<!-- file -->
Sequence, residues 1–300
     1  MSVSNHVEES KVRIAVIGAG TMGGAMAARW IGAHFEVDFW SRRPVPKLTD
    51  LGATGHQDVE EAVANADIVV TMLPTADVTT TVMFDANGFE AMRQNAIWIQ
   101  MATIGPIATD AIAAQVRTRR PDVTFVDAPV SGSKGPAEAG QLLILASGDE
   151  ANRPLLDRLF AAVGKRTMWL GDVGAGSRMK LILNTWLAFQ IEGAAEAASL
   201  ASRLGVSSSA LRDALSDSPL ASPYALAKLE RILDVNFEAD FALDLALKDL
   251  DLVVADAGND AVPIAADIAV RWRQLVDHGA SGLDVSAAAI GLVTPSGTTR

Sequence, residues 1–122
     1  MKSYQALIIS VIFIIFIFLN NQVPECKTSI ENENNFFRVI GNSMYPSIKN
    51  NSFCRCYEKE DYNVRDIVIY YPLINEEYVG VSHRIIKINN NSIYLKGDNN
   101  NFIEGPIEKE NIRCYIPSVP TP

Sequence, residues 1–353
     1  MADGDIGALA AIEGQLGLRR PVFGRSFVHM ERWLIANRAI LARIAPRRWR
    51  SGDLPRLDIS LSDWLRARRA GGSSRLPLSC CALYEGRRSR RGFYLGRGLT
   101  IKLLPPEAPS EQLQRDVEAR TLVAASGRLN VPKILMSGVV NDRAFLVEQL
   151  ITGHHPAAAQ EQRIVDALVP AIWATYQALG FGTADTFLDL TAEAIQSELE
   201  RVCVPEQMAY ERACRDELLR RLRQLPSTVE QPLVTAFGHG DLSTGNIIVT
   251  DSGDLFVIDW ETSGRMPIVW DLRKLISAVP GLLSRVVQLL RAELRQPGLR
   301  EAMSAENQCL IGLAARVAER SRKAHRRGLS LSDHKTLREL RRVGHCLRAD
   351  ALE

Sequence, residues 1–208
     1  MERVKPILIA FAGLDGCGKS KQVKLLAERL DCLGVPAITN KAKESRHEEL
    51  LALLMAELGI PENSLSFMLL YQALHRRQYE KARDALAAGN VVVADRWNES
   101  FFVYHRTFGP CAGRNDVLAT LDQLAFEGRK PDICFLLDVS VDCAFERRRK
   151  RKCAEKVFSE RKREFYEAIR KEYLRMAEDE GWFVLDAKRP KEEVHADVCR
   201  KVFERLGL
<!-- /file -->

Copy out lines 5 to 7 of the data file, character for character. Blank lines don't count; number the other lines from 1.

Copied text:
   151  ANRPLLDRLF AAVGKRTMWL GDVGAGSRMK LILNTWLAFQ IEGAAEAASL
   201  ASRLGVSSSA LRDALSDSPL ASPYALAKLE RILDVNFEAD FALDLALKDL
   251  DLVVADAGND AVPIAADIAV RWRQLVDHGA SGLDVSAAAI GLVTPSGTTR